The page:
As part of the Tax Cuts and Jobs Act of 2017, Congress enacted new § 4960 of the Internal Revenue Code. Section 4960 imposes an excise tax on certain executive compensation paid by tax-exempt organizations – similar to the $1 million limit on deductions for compensation paid to highly paid executives in for-profit companies under § 162(m) of the Code and to the golden parachute rules of § 280G of the Code. The new provision could have a significant impact on some tax-exempt organizations, but it lacks important detail and leaves many questions unanswered. The excise tax provision is in addition to other rules applicable to reasonable compensation paid to employees of tax-exempt organizations.
The statute directs the Secretary of the Treasury to prescribe regulations under § 4960 “as may be necessary to prevent avoidance of the tax under this section, including regulations to prevent avoidance of such tax through the performance of services other than as an employee or by providing compensation through a pass-through or other entity to avoid such tax.” No regulations or other IRS guidance have been issued under § 4960 thus far.
- How much is the tax?
The excise tax is imposed at the corporate income tax rate, which is currently 21 percent. The tax is imposed on a covered employee’s compensation that constitutes (a) “remuneration” in excess of $1,000,000 or (b) an “excess parachute payment.”
- Which employers are covered?
The provision applies to “applicable tax-exempt organizations,” which include any organization that is exempt from tax under IRC § 501(a). Schools, nonprofit hospitals, and other public charities, foundations, trade associations, VEBAs, and other organizations exempt under section 501(a) of the Code, as well as farmers’ cooperatives, and certain governmental entities and political organizations, are covered. So far, no express exemptions or modifications have been provided for church or governmental organizations. It is not clear whether the IRS has the authority to grant such exemptions, even if it wished to do so.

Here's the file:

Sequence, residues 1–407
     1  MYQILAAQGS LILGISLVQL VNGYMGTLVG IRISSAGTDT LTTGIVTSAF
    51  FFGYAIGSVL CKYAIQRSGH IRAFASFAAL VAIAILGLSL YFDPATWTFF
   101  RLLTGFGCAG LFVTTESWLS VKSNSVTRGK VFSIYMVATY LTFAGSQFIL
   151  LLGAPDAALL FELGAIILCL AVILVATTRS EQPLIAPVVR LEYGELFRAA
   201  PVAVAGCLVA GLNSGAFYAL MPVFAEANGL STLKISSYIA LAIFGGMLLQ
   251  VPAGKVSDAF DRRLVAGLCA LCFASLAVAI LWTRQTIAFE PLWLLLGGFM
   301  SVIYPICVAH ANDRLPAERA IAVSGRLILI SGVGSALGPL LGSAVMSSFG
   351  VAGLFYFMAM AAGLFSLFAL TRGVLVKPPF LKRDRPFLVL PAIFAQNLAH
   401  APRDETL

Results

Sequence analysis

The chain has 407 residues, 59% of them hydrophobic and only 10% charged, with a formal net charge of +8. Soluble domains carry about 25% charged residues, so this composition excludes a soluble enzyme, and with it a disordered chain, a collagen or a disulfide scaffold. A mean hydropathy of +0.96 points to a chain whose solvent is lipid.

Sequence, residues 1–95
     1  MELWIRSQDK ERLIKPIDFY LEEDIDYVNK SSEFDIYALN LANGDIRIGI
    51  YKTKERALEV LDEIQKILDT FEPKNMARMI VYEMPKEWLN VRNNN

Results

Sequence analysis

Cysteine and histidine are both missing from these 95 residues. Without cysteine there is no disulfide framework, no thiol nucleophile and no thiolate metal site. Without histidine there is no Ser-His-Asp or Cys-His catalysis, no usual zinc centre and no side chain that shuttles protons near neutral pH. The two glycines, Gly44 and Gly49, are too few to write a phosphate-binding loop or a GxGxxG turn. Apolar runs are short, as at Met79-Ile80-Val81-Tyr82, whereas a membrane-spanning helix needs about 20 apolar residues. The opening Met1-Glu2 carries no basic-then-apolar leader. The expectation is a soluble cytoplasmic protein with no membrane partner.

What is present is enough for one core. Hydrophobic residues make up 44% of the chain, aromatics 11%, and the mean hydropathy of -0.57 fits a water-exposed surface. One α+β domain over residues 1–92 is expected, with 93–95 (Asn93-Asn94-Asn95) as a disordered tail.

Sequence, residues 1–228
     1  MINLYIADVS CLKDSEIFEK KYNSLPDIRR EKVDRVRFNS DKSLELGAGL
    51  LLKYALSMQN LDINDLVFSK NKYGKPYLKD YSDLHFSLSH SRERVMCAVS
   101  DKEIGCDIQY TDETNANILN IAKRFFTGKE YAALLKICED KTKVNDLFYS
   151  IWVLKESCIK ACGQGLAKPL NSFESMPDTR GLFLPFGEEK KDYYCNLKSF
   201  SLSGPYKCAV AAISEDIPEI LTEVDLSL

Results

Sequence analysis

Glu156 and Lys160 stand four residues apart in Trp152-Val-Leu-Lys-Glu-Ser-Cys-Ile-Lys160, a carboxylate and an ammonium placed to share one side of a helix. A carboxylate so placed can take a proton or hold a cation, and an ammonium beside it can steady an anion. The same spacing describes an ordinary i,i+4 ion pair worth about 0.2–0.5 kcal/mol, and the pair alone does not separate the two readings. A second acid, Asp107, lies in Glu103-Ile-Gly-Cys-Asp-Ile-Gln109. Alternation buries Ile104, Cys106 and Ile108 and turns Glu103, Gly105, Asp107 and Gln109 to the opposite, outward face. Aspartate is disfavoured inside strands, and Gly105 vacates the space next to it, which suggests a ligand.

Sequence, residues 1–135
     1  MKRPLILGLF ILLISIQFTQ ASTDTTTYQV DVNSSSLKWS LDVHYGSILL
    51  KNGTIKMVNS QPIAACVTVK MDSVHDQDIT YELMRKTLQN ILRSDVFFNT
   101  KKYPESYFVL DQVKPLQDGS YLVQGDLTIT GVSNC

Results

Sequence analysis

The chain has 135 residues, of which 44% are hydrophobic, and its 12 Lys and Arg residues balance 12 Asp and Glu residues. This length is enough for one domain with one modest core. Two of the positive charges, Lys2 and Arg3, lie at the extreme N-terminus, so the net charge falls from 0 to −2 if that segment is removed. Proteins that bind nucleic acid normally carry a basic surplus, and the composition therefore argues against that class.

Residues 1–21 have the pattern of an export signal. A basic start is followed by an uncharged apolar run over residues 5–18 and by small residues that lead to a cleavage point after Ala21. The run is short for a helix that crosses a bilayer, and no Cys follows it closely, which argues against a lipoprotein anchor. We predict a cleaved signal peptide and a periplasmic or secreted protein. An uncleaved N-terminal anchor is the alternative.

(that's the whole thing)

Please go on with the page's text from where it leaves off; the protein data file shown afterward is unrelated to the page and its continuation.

Note that “remuneration” for purposes of the $1,000,000 limit includes amounts paid to a covered employee by an entity that is related to the tax-exempt organization – generally, entities that control, or are controlled by, the tax-exempt organization. It is not clear whether these rules also apply for purposes of the excess parachute payment provisions, which do not use the term “remuneration.”
- Which employees are covered?
The tax is imposed on compensation paid to an organization’s “covered employees.” An organization’s “covered employees” include the five most highly compensated employees for the taxable year and each employee or former employee who was one of the five most highly compensated employees during any taxable year after 2016. Thus, once an employee is subject to this excise tax, he or she will always be covered by it, even after termination of employment.
- On whom is the excise tax imposed?
Liability for the excise tax falls on the employer.
- What compensation is included for purposes of the $1,000,000 limit?
The $1,000,000 limit applies to “remuneration” paid by an applicable tax-exempt organization for the relevant taxable year. Remuneration for this purpose is generally the employee’s wages for purposes of federal income tax withholding plus amounts included in gross income under section 457(f) of the Code when no longer subject to a substantial risk of forfeiture.
Remuneration is taken into account for § 4960 purposes when it is “paid.” It is treated as “paid” when it is no longer subject to a substantial risk of forfeiture. For example, a covered employee’s salary generally will be treated as “paid” when it is earned, because it is never subject to a substantial risk of forfeiture. Amounts credited under a nonqualified deferred compensation plan, including a plan subject to § 457(f) or 409A, should be taken into account when vested.